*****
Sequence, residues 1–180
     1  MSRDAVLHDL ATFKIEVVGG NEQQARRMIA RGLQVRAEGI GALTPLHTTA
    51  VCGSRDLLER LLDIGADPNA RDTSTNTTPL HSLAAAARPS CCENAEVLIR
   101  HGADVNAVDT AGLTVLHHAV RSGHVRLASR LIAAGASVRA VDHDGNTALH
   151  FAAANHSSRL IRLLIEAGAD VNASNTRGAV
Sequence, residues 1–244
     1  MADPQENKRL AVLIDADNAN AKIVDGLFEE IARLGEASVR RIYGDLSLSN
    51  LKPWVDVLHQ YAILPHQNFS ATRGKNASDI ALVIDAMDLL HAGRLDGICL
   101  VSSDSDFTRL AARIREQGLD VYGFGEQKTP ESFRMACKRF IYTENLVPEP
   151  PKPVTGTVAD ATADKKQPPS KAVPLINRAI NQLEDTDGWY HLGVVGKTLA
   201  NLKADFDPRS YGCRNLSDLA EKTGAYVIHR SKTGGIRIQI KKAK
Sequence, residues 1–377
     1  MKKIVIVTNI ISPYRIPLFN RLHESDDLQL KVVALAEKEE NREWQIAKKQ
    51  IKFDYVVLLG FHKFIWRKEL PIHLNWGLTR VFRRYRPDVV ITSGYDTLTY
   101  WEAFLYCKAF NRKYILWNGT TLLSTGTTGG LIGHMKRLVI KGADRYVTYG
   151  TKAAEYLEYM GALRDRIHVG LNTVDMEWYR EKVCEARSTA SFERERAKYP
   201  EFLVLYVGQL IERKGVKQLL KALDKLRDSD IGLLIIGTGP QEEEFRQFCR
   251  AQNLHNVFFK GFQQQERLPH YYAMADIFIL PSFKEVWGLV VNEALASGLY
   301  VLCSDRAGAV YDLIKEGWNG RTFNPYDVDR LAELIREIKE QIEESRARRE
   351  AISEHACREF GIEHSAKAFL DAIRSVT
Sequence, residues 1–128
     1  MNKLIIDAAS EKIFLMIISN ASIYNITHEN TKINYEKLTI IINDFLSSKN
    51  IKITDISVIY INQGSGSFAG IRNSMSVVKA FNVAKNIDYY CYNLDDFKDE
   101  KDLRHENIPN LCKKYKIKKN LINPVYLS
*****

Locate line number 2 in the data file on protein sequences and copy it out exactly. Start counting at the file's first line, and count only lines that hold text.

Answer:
     1  MSRDAVLHDL ATFKIEVVGG NEQQARRMIA RGLQVRAEGI GALTPLHTTA